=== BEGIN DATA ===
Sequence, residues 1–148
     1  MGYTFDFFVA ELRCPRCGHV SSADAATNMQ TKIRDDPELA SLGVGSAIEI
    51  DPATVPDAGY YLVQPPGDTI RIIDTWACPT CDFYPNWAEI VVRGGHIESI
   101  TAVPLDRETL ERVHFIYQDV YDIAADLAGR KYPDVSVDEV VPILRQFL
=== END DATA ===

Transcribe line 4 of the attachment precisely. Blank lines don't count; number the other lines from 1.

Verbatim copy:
   101  TAVPLDRETL ERVHFIYQDV YDIAADLAGR KYPDVSVDEV VPILRQFL